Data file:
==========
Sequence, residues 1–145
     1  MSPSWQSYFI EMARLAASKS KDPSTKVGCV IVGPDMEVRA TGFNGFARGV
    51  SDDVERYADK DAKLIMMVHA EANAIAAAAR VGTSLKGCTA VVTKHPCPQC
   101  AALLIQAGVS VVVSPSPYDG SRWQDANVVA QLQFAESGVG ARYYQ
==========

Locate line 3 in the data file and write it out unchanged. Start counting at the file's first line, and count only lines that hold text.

    51  SDDVERYADK DAKLIMMVHA EANAIAAAAR VGTSLKGCTA VVTKHPCPQC